Neil Young’s Film Lounge – Mona Lisa Smile
MONA LISA SMILE
USA 2003 : Mike NEWELL : 119 mins
Massachusetts, 1953. A stuffy all-female college is shaken up by the arrival of free-spirited Californian history-of-art lecturer Katharine Watson (Julia Roberts). Most of her pupils love Katharines modern methods, but it isn’t long before she starts to meet trouble from some of the schools more old-fashioned elements. Despite all this, she still finds time to fit in a forbidden romance with a hunky colleague Bill (Dominic West)…
After hitting the box-office jackpot with with Four Weddings and a Funeral, veteran British director Newell has specialised in films that examine closed American communities. Having explored the Mafia in Donnie Brasco and air-traffic controllers in Pushing Tin, he now turns back the clock to trace the early stirrings of feminism.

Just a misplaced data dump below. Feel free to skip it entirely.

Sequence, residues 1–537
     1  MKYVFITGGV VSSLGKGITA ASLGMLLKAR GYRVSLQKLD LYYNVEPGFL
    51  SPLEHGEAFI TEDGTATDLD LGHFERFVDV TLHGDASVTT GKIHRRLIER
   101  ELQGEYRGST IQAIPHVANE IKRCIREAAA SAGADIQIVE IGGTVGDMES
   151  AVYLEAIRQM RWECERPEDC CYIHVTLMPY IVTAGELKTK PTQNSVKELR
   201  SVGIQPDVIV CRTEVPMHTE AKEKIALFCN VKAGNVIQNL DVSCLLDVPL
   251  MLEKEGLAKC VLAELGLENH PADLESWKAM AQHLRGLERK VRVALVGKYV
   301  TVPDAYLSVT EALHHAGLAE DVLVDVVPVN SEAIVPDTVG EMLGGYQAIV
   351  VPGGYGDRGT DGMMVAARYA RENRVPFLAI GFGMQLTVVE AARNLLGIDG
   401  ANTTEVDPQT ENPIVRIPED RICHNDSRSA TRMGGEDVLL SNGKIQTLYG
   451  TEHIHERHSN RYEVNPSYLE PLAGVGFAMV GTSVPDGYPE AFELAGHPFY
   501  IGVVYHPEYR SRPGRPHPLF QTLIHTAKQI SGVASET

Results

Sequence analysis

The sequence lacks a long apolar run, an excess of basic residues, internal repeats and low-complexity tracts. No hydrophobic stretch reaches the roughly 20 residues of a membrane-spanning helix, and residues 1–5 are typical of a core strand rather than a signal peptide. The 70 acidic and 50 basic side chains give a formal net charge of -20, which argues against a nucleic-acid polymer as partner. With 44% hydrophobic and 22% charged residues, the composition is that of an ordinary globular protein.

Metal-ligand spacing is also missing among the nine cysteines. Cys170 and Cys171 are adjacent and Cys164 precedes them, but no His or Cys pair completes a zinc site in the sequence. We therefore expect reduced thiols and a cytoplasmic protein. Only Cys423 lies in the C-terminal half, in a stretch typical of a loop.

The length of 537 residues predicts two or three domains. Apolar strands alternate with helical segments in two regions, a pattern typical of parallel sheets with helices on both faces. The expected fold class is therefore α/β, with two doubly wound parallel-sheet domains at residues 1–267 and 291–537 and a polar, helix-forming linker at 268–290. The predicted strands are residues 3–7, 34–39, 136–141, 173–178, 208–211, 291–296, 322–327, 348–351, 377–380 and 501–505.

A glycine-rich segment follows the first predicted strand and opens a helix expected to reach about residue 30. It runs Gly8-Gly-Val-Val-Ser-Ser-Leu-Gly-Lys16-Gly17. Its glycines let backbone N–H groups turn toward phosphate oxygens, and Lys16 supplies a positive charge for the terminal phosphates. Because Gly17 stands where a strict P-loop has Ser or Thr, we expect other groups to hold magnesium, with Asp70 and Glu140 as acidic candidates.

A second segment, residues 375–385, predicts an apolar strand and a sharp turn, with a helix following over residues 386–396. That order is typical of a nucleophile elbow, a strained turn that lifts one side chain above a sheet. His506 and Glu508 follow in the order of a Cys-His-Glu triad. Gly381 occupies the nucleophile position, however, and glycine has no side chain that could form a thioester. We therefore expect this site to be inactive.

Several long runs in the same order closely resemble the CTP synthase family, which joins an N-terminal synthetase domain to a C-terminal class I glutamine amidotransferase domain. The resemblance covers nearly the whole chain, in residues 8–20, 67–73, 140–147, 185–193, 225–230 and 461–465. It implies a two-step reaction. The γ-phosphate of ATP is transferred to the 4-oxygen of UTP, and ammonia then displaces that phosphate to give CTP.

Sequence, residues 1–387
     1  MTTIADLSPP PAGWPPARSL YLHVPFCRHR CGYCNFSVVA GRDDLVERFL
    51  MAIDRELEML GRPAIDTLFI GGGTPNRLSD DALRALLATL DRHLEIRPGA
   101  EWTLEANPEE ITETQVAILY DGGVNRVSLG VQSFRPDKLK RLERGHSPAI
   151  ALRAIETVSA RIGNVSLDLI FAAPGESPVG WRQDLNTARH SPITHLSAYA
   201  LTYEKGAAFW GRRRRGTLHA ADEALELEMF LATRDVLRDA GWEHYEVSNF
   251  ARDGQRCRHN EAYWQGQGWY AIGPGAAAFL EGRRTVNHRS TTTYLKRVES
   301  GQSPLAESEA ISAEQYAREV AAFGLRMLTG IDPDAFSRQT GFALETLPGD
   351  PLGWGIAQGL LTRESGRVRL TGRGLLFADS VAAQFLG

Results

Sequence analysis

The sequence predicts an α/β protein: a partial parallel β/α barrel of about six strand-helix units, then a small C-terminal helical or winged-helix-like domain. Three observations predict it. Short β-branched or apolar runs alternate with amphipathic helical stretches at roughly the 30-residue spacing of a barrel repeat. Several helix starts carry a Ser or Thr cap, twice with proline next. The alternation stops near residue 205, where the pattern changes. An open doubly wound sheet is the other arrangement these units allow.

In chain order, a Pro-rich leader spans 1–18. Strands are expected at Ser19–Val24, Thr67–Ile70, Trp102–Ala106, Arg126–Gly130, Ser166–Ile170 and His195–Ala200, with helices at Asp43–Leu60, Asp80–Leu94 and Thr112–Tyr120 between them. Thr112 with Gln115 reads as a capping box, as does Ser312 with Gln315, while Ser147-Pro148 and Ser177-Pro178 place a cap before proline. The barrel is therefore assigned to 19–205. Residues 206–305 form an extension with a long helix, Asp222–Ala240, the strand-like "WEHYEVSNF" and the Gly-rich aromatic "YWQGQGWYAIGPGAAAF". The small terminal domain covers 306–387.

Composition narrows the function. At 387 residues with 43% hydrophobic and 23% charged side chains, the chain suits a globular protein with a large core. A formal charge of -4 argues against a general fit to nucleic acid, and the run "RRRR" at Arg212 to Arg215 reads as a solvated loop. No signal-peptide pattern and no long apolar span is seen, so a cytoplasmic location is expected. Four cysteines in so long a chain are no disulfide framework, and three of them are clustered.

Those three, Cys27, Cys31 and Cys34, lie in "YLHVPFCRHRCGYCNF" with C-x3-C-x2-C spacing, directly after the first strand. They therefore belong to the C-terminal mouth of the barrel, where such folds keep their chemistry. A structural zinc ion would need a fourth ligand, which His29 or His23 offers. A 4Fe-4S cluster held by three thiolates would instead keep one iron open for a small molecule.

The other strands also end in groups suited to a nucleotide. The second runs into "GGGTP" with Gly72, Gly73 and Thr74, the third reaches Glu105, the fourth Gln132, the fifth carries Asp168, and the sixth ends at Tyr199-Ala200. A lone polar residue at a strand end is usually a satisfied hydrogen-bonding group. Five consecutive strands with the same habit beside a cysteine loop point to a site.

Supposedly inspired by Hillary Clintons college years, Mona Lisa Smile is watchable enough as entertainment, but doesn’t deal very deeply with the issues it tries to raise… and its ironic that a film about female empowerment should be directed, written, produced, edited and shot by men. Roberts, meanwhile, in her first proper lead role since Erin Brockovich, is clearly back in Oscar-hunt mode. But she’s repeatedly upstaged by her young co-stars especially Maggie Gyllenhaal, proving that her breakthrough in Secretary was anything but a fluke.
1st March, 2004
(seen 23rd January : Cineworld, Milton Keynes CinemaDays event)
by Neil Young